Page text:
Earlier this week, we reported on a series of aggressive interactions between Iranian ships and the USNS Invincible, an American surveillance ship in the Strait of Hormuz, a strategic waterway separating the Persian Gulf from the Arabian Sea.  Now the Iranian government is challenging the U.S. Navy’s account of the second incident, and delivering a warning to Iran’s enemies.

The first incident occurred last Thursday, when an Iranian Navy Frigate paced the unarmed USNS Invincible at an inappropriate distance.  The American government classified the action as “unprofessional” but noted that the frigate did not take any further hostile action, maintaining a parallel course that left the Invincible in what amounted to a tense standoff, but never crossing the line into what would be considered “unsafe” actions by the international community.

Then on Saturday, the USNS Invincible was targeted once again, this time however, by fast attack boats belonging to the elite Iranian Revolutionary Guard.  According to U.S. accounts, the Invincible was traveling in formation with three vessels from the British Navy when the fast attack boats positioned themselves directly in their path.  The American and British ships were then forced to change course in order to avoid a collision with the smaller Iranian vessels.

On Wednesday, however, an Iranian guard commander challenged the U.S. ship’s account of the events, claiming instead that the unarmed Invincible changed course toward the fast attack boats, which, their claim seems to assume, were just minding their own business in the strategic waterway.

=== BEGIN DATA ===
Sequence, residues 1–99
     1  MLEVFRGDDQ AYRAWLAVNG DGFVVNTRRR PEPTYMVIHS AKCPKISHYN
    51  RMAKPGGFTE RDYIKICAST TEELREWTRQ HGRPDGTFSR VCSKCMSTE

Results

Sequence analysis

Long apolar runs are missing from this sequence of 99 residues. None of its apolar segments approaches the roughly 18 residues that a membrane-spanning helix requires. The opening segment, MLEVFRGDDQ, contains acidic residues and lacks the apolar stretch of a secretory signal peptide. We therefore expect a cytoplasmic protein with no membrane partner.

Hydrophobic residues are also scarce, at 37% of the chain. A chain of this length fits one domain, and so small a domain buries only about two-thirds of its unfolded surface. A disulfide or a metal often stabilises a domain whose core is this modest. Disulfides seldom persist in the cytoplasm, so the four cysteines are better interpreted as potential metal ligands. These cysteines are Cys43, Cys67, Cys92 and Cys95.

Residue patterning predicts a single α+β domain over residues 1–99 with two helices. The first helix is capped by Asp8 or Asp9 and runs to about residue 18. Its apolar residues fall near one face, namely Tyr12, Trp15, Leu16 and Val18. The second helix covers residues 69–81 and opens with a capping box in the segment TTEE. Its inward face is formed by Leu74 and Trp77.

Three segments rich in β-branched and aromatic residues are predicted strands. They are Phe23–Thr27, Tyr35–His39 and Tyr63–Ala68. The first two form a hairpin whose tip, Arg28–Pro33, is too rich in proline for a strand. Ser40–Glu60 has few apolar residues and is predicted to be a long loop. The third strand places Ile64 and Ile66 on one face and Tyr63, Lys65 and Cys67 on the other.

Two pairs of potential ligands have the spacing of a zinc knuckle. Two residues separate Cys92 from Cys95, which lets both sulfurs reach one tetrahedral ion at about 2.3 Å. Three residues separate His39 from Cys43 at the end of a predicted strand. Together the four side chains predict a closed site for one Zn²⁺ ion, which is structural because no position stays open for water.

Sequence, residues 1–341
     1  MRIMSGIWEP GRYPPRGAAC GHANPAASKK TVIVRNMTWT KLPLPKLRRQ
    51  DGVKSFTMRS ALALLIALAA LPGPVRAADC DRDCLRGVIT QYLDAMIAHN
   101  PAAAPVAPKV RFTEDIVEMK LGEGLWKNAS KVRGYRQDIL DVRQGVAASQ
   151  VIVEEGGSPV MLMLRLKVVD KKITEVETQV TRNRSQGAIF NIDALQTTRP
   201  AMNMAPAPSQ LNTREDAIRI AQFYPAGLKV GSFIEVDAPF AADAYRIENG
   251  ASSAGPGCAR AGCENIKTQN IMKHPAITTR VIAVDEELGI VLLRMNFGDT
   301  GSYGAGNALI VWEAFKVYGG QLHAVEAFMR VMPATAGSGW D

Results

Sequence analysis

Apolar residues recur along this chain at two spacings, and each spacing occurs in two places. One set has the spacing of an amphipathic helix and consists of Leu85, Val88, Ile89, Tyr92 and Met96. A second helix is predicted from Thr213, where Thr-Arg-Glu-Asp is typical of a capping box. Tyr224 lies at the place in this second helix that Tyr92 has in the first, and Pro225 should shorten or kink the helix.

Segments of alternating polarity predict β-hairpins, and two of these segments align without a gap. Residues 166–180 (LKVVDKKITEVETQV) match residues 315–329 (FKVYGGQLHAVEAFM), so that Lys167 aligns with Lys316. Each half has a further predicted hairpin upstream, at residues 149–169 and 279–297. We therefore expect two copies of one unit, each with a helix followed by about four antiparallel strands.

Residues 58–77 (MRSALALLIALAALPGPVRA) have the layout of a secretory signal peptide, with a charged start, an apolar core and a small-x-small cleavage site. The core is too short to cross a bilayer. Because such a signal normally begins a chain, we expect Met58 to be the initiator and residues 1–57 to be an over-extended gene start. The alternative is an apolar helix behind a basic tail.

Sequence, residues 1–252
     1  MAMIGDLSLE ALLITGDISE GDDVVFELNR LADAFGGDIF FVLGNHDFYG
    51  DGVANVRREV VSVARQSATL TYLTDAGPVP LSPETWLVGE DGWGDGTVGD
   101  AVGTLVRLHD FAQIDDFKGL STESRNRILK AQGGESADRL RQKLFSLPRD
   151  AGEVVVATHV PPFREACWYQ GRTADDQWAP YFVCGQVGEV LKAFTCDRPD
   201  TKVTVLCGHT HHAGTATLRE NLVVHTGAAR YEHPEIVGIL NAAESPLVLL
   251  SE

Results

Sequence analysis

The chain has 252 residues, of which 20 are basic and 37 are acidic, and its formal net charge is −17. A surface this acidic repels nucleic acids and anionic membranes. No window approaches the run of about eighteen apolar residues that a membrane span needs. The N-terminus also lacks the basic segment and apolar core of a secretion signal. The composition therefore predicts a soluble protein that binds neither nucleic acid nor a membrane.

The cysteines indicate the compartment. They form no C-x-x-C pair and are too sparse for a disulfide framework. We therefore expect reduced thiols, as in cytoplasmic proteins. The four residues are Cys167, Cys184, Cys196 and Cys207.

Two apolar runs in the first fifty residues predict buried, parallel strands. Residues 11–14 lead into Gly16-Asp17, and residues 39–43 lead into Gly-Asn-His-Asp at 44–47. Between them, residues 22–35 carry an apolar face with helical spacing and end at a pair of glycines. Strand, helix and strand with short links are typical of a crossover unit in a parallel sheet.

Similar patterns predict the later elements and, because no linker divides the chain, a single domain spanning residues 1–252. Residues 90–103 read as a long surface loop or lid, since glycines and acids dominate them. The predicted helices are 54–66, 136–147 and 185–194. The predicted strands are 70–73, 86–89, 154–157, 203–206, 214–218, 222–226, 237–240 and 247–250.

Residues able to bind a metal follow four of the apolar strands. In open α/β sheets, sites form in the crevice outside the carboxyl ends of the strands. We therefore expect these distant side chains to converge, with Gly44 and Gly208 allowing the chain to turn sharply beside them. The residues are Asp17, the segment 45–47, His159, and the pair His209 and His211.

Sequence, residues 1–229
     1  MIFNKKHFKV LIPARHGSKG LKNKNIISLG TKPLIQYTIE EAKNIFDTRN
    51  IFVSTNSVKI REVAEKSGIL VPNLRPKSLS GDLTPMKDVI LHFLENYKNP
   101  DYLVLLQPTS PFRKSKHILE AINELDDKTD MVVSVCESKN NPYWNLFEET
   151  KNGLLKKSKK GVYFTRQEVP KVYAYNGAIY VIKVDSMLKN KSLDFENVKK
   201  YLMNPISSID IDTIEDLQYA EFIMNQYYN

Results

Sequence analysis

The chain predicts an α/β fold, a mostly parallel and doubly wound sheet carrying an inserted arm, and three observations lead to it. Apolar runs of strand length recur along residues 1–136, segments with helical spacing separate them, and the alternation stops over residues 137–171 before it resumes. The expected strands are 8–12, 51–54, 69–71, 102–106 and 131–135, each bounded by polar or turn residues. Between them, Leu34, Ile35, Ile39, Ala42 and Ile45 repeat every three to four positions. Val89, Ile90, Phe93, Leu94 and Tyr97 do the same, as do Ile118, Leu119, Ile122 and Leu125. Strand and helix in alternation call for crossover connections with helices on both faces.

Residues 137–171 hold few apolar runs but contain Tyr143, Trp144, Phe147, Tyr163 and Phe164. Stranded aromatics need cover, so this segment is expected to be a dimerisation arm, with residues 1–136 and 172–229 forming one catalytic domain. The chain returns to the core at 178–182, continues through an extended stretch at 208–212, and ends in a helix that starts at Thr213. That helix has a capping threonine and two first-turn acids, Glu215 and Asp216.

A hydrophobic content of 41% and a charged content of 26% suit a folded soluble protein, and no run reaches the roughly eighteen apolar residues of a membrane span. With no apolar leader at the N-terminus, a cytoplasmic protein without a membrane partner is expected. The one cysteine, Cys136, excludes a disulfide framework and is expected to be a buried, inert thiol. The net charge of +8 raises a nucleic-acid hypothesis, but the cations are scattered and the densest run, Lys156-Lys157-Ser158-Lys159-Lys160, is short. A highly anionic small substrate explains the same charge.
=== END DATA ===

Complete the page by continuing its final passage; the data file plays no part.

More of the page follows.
Iranian Guard commander Mehdi Hashemi claims that the United States provoked the incident, which was the first aggressively “unsafe” interaction between Iranian and American ships since the crew of the USS Mahan was forced to fire warning shots at similar Iranian fast attack boats that were set on a high-speed intercept course with the American vessel in January of this year.

“The unprofessional actions of the Americans can have irreversible consequences,” commander Hashemi told reporters on Wednesday.

Iran’s president, Hassan Rouhani, also made a public statement on Wednesday that would seem to be tied to their claims of American aggression in the region, despite not citing U.S. forces by name.

“If Iran’s ignorant enemies think about invading Iran they should know that our armed forces are much stronger than 1980 when Iraq attacked,” he said in a televised speech.

President Trump has made taking a tough line with Iran one of the tent-poles in his foreign policy strategy, criticizing the nuclear deal established with Iran by the international communities, including the United States under President Barack Obama.  He has since levied new sanctions on the Iranian government for what the White House believes was a nuclear-capable ballistic missile test earlier this year.  The Iranian government claimed the missile was a strictly defensive measure, and therefore in violation of no treaty or international law.

“We actually had seen quite an improvement in Iran’s behavior until recently,” Pentagon spokesman Captain Jeff Davis told reporters on Wednesday.  He went on to claim that these kinds of interactions were a concern for American forces in the region because they could lead to a “miscalculation or an accidental provocation.”

It would seem that Iran sees the mere presence of American vessels in the Persian Gulf as an intentional provocation, however, as they have threatened to close the Strait of Hormuz to American forces in the past.  It seems unlikely that an unarmed surveillance ship would attempt to cause an international incident while being accompanied by another nation’s vessels – and past behavior from the Iranians would seem to indicate not only that they are willing to behave aggressively toward American ships, but that they had taken issue with the American surveillance vessel already – attempting to intimidate it only days prior.


Image courtesy of Reuters